I'm thinking you could use audio transormers (which itself may be sensitive to the CRT's deflection coils from several feet away) at each end and run a balanced cable between them. "Star Quad" type configuration would be best to minimize/cancel interference. But all that gets expensive.
Another "expensive" idea - replace the CRT with one of the new-fangled flat-panel display things, surely they generate less interference, and they also take up less space.
Or move the CRT. Get a few phone books and/or encyclopedias to put under it and lift it up, just a few inches may help.
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Ben Bradley wrote:

sci.electronics.components,alt.engineering.electrical,sci.electronics.design,rec.audio.tech,
Recalling an old trick/cure with low mv level magnetic pickups for record players - use two conductors inside a shield and ground the shield at one end only to avoid a ground loop. It works well for 60/120Hz and I see no reason for it not to work at audio frequencies. No guarantees but it is worth a try.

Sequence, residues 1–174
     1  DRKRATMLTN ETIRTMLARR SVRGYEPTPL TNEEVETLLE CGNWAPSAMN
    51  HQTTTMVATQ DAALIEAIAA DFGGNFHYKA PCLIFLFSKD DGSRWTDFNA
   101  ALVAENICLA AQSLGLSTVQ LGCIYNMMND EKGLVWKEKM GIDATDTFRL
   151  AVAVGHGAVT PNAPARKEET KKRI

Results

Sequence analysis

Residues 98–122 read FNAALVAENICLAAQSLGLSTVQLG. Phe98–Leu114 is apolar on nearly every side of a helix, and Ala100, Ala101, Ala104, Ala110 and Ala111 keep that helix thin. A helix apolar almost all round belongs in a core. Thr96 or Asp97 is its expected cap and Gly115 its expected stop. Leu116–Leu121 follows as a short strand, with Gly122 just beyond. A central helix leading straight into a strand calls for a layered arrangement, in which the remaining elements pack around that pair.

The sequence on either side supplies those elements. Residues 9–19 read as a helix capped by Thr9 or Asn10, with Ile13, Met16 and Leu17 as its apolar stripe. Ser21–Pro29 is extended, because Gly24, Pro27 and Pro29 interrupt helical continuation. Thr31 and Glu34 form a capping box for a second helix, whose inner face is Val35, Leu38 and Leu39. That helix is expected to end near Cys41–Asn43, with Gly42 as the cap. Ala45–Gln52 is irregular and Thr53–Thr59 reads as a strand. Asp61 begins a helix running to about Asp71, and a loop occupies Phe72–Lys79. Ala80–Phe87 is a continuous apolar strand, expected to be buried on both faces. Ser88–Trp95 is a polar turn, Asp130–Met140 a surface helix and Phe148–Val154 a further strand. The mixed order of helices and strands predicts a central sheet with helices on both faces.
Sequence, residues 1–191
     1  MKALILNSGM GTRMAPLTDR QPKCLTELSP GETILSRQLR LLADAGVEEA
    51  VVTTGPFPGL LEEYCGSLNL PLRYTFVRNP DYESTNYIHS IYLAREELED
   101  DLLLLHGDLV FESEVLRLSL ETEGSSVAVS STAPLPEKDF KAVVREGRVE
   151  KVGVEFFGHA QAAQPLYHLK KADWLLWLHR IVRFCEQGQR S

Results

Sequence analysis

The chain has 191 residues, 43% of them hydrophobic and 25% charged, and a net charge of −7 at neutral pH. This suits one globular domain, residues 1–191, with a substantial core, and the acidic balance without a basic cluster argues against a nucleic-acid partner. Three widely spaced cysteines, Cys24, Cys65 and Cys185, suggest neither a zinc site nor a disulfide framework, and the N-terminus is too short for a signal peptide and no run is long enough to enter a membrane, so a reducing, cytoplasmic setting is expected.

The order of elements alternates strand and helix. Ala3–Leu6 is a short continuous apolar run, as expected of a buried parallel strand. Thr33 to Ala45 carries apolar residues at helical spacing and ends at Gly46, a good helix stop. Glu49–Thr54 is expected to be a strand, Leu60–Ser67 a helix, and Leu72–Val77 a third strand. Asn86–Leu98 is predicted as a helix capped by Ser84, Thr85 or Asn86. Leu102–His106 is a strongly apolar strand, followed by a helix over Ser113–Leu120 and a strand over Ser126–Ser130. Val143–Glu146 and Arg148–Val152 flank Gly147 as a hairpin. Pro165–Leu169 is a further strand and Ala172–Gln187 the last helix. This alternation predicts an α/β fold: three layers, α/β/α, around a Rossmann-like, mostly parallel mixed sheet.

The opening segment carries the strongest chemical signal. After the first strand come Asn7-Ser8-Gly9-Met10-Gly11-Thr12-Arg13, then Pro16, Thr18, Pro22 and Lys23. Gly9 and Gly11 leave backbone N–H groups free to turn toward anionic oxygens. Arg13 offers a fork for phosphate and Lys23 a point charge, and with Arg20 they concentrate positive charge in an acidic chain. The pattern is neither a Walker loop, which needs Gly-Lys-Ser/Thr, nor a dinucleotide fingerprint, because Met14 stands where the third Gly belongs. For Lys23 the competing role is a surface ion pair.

--
Don Kelly
snipped-for-privacy@shawcross.ca
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Don wrote:

If the interference is magnetic radiation from the CRT deflection and (at startup) the automatic degaussing coil, ferrite will not help at all. Wires in the presence of an AC magnetic field will pick up a voltage. The only hope is to lay the wires parallel to the magnetic flux lines, or get them out of the area. Only MASSIVE shielding with Mu-Metal shields will help, by conducting the flux lines in the shield. I suppose in theory totally enclosing the wires in a string of ferrite rings would be going in this direction, but separate ferrite rings are no comparison to a solid Mu-metal shield. Usually these are used to protect CRTs, photomultipliers and vidicons from stray magnetic fields, and they certainly do work. I've never seen it used to protect a cable.
Putting a balanced-unbalanced transformer at each end of the cable would be another time-honored fix. Then you can have a truly balanced signal even with equipment that is unbalanced.
Jon